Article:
Title: The Hobbit: An Unexpected Journey
Director: Peter Jackson
Studio: New Line Cinema
Starring: Martin Freeman, Ian McKellen, Richard Armitage
Excellence: 2 stars (out of 5)
Summary in a Sentence: A bloated, overlong adaptation of Tolkein's beloved novel that could have been fantastic if they'd just allowed a film editor at it
My wife and I went to see The Hobbit on opening night. Let me preface my review by reiterating that I am one those (few?) ardent fans of the Lord of the Rings trilogy of novels who also enjoyed the films so this is not a continued Peter Jackson hate-on.
In fact, there was a lot that I enjoyed and thought was very well done in this film. Martin Feeman was perfect as Bilbo Baggins, and Ian McKellan was always a good Gandalf. The casting I thought, overall, was stronger than the L.O.T.R. films (which I personally thought was fine). Even Richard Armitage, who I'd had reservations about, was an excellent Thorin Oakenshield. Howard Shore's score was good as always, ESPECIALLY the tune he put to the dwarves' "Misty Mountains". It may have been worth the admission to the cinema just for the scene where the dwarves sing it:
Much of the expanded backstory of the dwarves that is introduced to the story was interesting and I did like seeing more of the dwarves who I always liked. Costumes, sets, etc. are all good as with the L.O.T.R. films. In many respects, I thought that it was better done than the former. To make a long story short, in my view, it had all the elements that could have made it a masterpiece ... had they left 1.5-2 of the 3.5 hours on the cutting room floor and made one Hobbit film rather than three.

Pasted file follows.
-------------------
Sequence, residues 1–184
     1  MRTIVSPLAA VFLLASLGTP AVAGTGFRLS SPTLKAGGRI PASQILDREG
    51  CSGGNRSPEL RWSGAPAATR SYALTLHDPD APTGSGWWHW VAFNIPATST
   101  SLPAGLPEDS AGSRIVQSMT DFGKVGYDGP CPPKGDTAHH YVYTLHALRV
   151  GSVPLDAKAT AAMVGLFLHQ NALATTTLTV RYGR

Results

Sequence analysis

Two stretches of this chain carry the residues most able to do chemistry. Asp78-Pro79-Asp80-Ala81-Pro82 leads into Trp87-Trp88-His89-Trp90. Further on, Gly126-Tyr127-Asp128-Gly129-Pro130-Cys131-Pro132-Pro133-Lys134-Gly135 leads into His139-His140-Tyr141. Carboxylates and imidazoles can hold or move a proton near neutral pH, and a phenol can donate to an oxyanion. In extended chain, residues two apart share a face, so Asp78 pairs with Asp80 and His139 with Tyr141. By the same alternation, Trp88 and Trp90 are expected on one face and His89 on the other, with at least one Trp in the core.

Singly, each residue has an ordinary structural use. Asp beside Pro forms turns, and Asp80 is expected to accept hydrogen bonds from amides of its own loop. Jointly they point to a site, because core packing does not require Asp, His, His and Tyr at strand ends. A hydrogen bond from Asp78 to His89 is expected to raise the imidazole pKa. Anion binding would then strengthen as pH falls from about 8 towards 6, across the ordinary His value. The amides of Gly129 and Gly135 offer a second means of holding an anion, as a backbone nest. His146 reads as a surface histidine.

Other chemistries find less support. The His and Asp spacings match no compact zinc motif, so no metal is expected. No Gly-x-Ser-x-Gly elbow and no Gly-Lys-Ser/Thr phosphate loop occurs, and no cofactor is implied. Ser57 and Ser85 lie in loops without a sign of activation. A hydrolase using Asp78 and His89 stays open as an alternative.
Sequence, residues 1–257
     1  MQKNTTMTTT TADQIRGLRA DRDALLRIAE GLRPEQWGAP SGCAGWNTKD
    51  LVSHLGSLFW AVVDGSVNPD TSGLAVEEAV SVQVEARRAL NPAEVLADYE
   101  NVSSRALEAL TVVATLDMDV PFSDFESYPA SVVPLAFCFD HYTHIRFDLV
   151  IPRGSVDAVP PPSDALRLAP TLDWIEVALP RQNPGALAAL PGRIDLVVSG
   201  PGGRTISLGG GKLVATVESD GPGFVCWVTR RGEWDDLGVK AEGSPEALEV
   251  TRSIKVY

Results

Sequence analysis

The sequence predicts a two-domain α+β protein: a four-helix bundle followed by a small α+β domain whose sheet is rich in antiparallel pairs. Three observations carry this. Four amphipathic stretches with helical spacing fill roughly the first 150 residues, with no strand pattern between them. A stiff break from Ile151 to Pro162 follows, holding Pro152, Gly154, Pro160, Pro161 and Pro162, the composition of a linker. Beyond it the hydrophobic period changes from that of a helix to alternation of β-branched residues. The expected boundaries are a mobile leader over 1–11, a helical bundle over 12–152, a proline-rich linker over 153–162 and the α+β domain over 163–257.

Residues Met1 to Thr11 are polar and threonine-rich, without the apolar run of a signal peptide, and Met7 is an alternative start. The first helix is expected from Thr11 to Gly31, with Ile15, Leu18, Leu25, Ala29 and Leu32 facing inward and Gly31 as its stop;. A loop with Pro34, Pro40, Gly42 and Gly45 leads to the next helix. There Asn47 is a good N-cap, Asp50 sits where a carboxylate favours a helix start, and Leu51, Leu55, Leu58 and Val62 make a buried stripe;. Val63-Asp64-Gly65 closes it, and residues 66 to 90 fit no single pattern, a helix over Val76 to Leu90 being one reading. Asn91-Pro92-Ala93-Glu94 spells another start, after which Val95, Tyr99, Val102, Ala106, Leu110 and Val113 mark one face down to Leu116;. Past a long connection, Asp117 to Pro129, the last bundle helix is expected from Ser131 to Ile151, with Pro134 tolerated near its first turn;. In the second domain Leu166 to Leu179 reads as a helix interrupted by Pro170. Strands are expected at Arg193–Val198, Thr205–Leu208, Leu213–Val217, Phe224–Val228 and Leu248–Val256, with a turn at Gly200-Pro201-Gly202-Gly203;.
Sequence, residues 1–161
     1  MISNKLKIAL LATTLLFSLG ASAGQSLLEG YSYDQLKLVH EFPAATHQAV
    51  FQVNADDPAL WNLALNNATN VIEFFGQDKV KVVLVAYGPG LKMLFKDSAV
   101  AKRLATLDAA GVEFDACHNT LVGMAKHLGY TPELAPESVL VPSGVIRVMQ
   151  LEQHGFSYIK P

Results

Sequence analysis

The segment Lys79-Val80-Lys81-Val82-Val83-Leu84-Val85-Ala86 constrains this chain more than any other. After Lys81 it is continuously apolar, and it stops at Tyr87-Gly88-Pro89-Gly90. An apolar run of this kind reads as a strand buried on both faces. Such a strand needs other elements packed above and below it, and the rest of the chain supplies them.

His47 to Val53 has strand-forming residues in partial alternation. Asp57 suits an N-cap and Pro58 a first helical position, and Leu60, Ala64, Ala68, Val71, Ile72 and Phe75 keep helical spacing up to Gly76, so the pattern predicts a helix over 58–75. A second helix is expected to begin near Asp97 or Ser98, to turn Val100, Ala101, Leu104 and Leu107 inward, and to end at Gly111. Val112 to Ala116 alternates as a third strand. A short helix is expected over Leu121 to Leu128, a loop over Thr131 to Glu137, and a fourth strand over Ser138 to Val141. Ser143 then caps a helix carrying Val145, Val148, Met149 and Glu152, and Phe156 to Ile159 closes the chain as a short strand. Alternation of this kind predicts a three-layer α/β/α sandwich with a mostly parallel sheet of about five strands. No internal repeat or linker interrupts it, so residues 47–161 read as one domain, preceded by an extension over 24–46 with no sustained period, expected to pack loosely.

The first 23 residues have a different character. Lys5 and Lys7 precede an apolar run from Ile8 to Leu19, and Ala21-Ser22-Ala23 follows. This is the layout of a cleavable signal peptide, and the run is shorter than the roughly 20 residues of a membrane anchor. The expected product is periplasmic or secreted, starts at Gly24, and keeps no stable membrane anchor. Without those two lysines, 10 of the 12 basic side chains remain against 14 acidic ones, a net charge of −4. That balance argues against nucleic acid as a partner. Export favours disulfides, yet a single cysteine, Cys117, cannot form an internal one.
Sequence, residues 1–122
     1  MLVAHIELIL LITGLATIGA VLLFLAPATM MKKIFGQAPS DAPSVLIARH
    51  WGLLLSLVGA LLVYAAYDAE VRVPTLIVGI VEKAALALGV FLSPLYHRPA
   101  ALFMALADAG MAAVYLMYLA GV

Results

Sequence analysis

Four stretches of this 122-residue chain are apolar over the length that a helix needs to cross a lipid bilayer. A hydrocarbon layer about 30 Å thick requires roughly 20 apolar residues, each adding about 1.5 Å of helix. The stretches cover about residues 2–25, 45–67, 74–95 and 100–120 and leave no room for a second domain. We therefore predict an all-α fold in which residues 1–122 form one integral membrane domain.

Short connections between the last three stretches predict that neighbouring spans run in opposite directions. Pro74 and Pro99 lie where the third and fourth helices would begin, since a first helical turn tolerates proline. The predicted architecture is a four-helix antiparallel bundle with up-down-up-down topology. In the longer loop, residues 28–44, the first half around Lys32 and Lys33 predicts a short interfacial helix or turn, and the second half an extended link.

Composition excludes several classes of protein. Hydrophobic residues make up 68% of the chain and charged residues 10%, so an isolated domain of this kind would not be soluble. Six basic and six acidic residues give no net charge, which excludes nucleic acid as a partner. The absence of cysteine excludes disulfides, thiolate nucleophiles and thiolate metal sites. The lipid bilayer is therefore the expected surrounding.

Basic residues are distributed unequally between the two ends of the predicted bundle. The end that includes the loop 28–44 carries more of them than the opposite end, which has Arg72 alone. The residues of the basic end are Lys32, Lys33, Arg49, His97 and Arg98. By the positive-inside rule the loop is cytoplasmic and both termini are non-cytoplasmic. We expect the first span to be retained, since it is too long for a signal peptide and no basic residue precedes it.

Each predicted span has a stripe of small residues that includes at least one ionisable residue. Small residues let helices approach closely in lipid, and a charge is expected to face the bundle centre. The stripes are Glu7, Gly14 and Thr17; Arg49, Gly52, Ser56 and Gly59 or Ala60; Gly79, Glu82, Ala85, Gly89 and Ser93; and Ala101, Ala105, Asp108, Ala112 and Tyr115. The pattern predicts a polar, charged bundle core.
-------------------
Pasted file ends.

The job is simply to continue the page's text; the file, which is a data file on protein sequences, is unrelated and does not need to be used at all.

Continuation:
The film was way too long. It felt like self indulgence on the part of Peter Jackson, self-indulgence that he was allowed to get away with due to his success with the original trilogy. My "feeling" may well be correct since in his interview with Rolling Stone magazine he quite arrogantly said that "I make movies for myself". This film really proves that film editors truly are the unsung heroes of movie-making. I love fantasy, I love Tolkein -- I appreciate the extended edition of L.O.T.R. and actually wouldn't have minded there being a bit more in there -- but I was actually getting bored about 2/3 through this and near the end, thinking based on Lego sets I'd seen that the first film might encompass the adventures in Mirkwood, was thinking "please, no more". Perhaps it is not simply length, but the cramming-in of too much stuff that doesn't progress the plot. The sort of stuff that writers must painfully excise from their work. That's why I give The Hobbit 2 stars despite a whole lot that I did like.